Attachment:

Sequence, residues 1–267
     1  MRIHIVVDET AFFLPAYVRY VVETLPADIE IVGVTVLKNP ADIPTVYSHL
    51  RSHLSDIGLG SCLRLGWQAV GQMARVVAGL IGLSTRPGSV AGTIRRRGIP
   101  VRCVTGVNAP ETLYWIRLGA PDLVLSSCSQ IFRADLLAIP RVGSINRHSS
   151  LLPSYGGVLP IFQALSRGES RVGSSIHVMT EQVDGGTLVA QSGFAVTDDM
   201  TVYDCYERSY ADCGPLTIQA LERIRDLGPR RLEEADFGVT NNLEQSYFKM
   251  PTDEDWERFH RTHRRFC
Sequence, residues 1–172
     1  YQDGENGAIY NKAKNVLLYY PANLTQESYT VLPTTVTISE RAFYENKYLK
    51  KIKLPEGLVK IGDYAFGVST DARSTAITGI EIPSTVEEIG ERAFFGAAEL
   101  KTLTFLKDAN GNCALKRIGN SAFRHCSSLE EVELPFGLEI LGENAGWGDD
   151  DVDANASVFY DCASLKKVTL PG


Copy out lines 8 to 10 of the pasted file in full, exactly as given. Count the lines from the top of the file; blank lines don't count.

Sequence, residues 1–172
     1  YQDGENGAIY NKAKNVLLYY PANLTQESYT VLPTTVTISE RAFYENKYLK
    51  KIKLPEGLVK IGDYAFGVST DARSTAITGI EIPSTVEEIG ERAFFGAAEL